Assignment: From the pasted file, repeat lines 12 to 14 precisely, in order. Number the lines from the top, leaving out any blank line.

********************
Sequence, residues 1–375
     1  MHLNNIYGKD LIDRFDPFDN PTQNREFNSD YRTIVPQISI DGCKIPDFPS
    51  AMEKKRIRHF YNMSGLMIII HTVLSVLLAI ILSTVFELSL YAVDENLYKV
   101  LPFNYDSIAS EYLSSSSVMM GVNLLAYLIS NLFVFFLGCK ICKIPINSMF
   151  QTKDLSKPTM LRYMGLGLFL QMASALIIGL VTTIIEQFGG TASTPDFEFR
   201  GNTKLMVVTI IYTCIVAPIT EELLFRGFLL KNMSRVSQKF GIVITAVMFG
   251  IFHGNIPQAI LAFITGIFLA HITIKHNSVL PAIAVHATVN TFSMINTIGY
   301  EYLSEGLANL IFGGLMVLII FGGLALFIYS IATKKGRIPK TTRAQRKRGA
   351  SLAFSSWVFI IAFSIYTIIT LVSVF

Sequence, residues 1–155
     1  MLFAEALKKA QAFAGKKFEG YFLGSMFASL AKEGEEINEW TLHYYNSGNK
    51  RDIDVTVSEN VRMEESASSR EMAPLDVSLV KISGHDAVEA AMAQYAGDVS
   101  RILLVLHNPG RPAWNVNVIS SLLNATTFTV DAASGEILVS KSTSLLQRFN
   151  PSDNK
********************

    51  RDIDVTVSEN VRMEESASSR EMAPLDVSLV KISGHDAVEA AMAQYAGDVS
   101  RILLVLHNPG RPAWNVNVIS SLLNATTFTV DAASGEILVS KSTSLLQRFN
   151  PSDNK